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U.S.: Data Analytics Help Agencies Transform Government
Source: govloop.com
Source Date: Friday, July 08, 2016
Focus: ICT for MDGs, Citizen Engagement, Institution and HR Management, Internet Governance
Country: United States
Created: Jul 11, 2016

(Written in collaboration with Sandy Fitzpatrick, Director, Data Analytics Strategic Program at Oracle Public Sector)

It is a fact of life that for many years the public sector has been asked to do more with less, deliver better and more timely services, provide transparency, give citizens  better access to government and improve customer service.  At the same time commissioners, managers and business users within public sector agencies have been relying on the same reports they’ve been looking at for years, dealing with an IT queue that prioritizes work requests, and trying to match and make sense of multiple spreadsheets many of which are laid out differently.  Business users know that if they had better access to the mounds of data available to them they could make more informed and better business decisions and they could be looking ahead not backwards. We finally have modern user-friendly data analytics tools available to do just that.  Let us tell you how.

Modern Data Analytics

Data Analytics tools have finally caught up with workplace demands and the public sector has figured out that data analytics can help.  Agency leaders no longer need to review reports and just observe trends; they now have real-time insight into their business and can predict what is likely to occur and make decisions based on forward looking information, not on what already happened.  Measurements can be put in place to quantify program effectiveness – not after the fact – but as a program or a fiscal year progresses.   We can now truly measure the effectiveness of our programs, by getting answers to questions such as:

- Are expenditures in line with the budget or projected to exceed the budget?  If there are project over-runs what are they, what are they projected to be and where can those costs be recouped?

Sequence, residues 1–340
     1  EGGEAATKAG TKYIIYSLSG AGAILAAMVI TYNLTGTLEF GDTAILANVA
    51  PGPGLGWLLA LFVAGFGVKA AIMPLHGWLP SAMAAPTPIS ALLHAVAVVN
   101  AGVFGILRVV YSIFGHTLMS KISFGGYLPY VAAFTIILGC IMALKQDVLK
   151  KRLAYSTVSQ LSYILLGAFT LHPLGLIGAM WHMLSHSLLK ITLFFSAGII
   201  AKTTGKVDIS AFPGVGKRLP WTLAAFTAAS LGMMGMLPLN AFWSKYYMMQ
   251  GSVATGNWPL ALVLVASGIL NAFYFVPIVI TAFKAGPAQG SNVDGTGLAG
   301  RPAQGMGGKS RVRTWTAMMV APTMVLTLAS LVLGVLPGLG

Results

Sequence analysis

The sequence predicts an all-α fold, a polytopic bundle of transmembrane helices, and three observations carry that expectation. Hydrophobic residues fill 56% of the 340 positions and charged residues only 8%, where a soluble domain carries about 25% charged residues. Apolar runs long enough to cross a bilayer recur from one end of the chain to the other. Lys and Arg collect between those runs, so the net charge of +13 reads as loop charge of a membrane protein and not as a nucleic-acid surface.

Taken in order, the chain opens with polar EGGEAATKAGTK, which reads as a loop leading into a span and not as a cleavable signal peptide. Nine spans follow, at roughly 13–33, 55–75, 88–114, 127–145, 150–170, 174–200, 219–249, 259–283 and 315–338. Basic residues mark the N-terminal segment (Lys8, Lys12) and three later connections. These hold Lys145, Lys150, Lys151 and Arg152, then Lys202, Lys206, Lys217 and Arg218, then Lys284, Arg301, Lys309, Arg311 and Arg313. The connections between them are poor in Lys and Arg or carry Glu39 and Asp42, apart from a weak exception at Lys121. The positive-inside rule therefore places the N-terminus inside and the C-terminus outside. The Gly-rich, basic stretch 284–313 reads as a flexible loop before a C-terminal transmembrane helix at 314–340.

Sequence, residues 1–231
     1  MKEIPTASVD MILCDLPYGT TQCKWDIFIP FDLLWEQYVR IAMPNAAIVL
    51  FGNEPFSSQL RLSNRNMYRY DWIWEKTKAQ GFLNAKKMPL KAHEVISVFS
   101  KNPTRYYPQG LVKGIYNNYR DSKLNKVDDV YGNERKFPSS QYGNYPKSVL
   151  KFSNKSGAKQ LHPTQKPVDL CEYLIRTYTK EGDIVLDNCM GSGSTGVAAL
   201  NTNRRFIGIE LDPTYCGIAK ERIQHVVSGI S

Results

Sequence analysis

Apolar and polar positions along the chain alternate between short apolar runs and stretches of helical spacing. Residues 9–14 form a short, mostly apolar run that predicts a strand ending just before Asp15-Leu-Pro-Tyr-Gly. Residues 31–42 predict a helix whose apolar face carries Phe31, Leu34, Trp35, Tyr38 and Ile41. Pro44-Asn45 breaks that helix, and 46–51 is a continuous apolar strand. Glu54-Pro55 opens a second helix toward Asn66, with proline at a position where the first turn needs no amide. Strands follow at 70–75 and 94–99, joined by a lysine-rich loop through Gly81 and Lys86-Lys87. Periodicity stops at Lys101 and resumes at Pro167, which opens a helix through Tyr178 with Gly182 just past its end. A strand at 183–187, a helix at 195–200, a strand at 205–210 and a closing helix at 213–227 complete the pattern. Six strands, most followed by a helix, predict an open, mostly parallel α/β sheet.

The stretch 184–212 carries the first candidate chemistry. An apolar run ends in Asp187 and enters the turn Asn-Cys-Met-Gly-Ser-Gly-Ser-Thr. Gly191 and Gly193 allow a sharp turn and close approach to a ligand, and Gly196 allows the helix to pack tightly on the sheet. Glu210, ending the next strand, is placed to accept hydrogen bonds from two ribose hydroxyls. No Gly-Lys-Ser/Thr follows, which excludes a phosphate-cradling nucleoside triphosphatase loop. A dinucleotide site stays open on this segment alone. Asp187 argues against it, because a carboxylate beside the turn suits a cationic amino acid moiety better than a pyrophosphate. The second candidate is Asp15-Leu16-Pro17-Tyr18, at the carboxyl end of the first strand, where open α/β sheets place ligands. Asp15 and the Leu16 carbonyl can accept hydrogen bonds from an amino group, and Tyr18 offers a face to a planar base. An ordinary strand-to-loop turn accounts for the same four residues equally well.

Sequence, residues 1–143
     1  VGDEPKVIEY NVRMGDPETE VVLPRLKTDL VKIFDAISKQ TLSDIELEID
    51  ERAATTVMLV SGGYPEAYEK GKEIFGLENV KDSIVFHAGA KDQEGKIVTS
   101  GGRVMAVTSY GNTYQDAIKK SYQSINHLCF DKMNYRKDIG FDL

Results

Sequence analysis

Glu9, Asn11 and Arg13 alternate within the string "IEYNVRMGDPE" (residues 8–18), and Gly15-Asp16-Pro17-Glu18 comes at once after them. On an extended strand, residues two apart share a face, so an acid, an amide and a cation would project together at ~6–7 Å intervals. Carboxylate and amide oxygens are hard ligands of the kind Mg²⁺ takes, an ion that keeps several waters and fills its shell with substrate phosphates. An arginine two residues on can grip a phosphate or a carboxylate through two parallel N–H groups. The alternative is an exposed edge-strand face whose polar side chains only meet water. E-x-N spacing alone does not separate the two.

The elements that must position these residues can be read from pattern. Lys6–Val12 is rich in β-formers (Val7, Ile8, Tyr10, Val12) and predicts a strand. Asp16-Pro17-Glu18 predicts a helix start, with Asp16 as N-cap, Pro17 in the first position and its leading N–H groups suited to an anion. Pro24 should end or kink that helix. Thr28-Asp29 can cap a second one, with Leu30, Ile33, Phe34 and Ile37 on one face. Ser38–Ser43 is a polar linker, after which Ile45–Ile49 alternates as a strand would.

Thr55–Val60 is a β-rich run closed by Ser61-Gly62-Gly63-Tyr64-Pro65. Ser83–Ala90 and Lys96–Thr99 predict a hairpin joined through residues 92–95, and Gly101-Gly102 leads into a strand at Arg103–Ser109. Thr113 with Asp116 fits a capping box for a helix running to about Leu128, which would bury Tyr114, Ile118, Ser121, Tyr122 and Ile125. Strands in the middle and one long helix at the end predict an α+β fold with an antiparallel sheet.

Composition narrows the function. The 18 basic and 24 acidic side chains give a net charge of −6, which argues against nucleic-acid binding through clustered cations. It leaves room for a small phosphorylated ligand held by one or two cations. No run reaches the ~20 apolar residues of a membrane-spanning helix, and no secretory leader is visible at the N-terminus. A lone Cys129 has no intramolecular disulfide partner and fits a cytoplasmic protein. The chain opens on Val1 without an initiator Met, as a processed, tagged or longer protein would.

- Are we serving as many citizens as promised?  Are wait times decreasing?
- Do citizens have access to the information they need?  Are those most ‘at risk’ receiving the services they are entitled to?
- And the list goes on and on

Modern data analytics tools are built with the business users in mind.  Although IT still has a role to set up the data connections, and data scientists help build the predictive models, business users can now ask their own questions and create their own ad-hoc queries.  Users can now explore the data without a predetermined  list of questions.  As an example, a query about the cost of a particular government program per individual served could lead to the discovery of one or more clients abusing the system by receiving multiple prescriptions for drugs and then having them filled by ‘preferred pharmacies’ and selling them on the street for profit.  In this example the query was cost per patient served – but when that question was answered and it was clear that one program was way out of line with the others – further discovery led to why it was so skewed.  But that was not where the questioning had started.  This one example illustrates how access to data and the ability to interrogate that data is very powerful.  This simple line of questioning highlights abuse, fraud and ultimately program savings.

Data Analytics in Action

Examples of how data analytics can impact positively your mission:

This is merely a sample of how data analytics can help government agencies measure and enhance effectiveness by having access to insight to make better decisions.   We encourage you to check out the ‘How You Can Use Data Analytics to Change Government’ guide that GovLoop has published earlier this year.  It offers an in-depth view of what is data analytics and how it can help government.


Traditionally, the ‘techies’ have looked for the next silver bullet, focusing on the tool but not on the business problem. It is no longer about the tools but all about the business decision that needs to be made and the data that drives that decision.  Business users do not want just a report, they want access to all of their data, they want to explore their business from every angle and gain insights.  They don’t care what tool they use, they just want to be able to do it themselves without relying on IT for every question they want answered.  Today the cliché of a picture is worth a thousand words could not be more relevant.  Data analytics helps people understand the data by viewing it in charts, graphs, and an almost limitless set of visualizations.  The focus is now on making data analytics user-friendly.
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